The story introduces country bumpkin William Shakespeare, cousin to THE William Shakespeare. Country Will has come to London to seek his fortune and landed on famous Will’s threshold penniless. Of course, he gets into immediate trouble and raucous fun ensues.

I don’t write starred or formal reviews, but I will say this was good entertainment: rough-and-tumble London, complete with murder mystery and forbidden romance. It is a bit bawdy, but then, so is our famous Shakespeare at times, when we high-brow readers are willing to admit it.

The main character is endearing, famous Will is well fleshed-out and the romantic interest has pizazz. Mr. Falconer is setting himself up with plenty of material for future escapades. The second installment – The William Detective Agency: The Dark Ladyhas also been published.

I confess, I’m easy pickings for London, theatre history and Shakespeare, but I’m sure anyone looking for a few evenings of escape to into Elizabethan England will enjoy it.

The author’s historical notes at the end are particularly amusing. Falconer has written these as if commenting on the historicity of the story as a found document/journal and notes various anachronisms or “poor memory” by the original “author”. Clever.

Recommended: for laughs and light reading

You can see Amazon reviews here.

And Goodreads reviews here.

Colin Falconer’s Blog is here.

Water for Elephants and Self-Determination in Ageing

Water For ElephantsSara Gruen’s new book, At the Water’s Edge (Philadelphians pursue the Loch Ness monster – World War II) debuted this week at No. 12.

That makes it past time I complete this post that’s been simmering in draft mode for months.

I finally read Water for Elephants last winter. I know I’m swimming against the tide – again – but I didn’t really get the excitement over it.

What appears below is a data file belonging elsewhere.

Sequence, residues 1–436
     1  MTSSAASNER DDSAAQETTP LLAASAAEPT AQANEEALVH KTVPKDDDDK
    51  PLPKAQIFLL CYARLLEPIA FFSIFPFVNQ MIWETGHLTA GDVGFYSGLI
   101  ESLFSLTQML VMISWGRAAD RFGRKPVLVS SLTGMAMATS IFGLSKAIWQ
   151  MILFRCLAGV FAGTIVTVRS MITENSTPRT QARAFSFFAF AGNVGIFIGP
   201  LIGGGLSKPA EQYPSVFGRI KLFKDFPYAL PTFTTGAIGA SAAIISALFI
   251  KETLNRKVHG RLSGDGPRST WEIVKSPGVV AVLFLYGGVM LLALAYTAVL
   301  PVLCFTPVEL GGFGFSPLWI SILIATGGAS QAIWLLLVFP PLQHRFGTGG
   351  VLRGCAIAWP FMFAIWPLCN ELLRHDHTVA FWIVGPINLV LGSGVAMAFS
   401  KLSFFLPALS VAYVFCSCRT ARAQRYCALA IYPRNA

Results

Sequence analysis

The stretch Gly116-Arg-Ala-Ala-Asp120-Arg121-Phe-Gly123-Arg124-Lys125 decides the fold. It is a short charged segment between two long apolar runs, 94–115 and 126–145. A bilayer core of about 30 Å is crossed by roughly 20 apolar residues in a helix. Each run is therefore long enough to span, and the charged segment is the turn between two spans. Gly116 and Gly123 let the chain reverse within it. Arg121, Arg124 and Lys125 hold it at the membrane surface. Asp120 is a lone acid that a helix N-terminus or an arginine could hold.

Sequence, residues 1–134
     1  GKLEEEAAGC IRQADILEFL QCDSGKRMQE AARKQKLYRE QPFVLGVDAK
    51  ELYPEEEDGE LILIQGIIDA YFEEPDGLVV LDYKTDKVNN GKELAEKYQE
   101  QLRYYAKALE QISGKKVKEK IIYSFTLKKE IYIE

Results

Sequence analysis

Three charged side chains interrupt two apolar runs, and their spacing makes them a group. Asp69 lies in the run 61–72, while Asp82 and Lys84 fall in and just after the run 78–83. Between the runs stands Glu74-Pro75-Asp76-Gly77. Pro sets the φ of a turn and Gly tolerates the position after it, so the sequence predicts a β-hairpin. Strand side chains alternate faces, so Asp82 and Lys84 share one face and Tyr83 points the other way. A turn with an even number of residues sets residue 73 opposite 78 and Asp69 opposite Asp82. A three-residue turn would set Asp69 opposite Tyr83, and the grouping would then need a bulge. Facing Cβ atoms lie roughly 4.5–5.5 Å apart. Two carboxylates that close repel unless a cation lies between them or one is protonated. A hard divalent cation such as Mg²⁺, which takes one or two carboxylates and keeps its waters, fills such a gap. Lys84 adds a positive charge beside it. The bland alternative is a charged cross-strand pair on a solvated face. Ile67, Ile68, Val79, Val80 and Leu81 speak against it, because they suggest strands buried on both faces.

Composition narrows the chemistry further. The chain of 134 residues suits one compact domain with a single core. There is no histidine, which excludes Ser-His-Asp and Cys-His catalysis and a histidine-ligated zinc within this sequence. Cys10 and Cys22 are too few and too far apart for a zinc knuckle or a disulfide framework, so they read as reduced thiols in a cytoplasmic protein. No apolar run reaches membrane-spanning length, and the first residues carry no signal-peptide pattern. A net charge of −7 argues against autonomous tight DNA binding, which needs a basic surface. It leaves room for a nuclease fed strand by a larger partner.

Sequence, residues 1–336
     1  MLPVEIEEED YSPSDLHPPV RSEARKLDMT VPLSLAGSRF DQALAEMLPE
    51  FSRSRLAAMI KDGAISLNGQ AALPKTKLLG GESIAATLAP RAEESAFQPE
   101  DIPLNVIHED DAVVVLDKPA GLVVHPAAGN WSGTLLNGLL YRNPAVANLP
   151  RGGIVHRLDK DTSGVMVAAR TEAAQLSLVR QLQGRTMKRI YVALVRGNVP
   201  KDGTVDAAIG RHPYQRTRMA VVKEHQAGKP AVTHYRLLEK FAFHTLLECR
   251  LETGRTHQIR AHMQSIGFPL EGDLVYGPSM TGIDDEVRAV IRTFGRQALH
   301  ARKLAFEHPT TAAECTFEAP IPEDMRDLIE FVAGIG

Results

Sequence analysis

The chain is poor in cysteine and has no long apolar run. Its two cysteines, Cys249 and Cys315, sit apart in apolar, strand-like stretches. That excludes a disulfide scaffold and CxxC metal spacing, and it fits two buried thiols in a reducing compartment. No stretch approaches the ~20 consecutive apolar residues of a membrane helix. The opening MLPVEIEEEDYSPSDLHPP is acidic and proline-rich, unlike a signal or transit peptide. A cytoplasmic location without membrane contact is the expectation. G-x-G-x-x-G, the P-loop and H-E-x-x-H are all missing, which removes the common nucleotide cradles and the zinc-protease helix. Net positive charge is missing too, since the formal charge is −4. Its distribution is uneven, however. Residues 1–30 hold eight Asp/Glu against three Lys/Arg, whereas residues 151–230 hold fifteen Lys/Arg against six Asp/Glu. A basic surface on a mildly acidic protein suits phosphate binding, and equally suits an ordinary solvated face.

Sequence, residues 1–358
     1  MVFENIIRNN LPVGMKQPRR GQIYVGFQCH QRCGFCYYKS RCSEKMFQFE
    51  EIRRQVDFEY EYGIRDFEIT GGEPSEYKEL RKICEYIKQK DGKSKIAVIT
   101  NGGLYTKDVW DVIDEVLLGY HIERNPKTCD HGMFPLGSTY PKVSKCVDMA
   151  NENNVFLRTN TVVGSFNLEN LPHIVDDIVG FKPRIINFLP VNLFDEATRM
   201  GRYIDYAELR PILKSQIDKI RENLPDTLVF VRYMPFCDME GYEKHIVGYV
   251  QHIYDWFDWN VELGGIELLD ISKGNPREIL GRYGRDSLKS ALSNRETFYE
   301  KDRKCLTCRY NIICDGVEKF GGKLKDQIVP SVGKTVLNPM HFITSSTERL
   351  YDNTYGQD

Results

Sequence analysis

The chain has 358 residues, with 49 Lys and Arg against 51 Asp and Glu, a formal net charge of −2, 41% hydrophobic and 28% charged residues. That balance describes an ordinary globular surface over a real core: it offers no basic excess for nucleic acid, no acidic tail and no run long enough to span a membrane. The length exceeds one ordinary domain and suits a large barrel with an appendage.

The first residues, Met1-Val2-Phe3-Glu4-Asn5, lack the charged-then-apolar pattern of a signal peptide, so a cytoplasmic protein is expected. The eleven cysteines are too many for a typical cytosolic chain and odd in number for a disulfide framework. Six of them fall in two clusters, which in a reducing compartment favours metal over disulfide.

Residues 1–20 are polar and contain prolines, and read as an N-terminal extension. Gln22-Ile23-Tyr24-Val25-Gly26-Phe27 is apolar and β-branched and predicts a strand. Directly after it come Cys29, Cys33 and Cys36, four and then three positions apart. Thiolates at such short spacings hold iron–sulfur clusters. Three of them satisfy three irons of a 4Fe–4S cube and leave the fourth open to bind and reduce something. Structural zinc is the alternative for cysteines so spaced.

I’ve not seen the movie, but I imagine the potential visuals were a strong driving force for the project. But the main story? Meh. Sorry, I didn’t find it that interesting. It was just a love triangle set in a circus environment. The lesson here might be that great word-crafting and an exciting context still requires a compelling story with compelling characters. Of course, the book received endless 5-star reviews. So what do I know? But I find it interesting that the critical movie reviewers complained that the two lovers lacked chemistry on screen. There might have been any number of causes: the acting? the directing? the screen play? the editing? But, I found the same problem in the book. The characters didn’t make me care and so I wasn’t convinced all the drama was worth it.

However – really big however – the circus story is narrated by the main character, now a nursing home resident. This character – present-day Mr. Jacob Jankowski – made an immediate, deep and lasting impression on me.

At 90+years-old, Jacob is fighting for self-determination. His nurses are kind and do their the best for him. They are trying to keep him out of trouble; keep him from danger. But he longs for freedom and he proves that he is capable of much more than they are comfortable with. No doubt they have residents with varying abilities, and so, like all institutions, they must standardize and systematize, reducing everyone to a lower commonality or else they would be undone. But Jacob clings to every last bit of control he can grasp.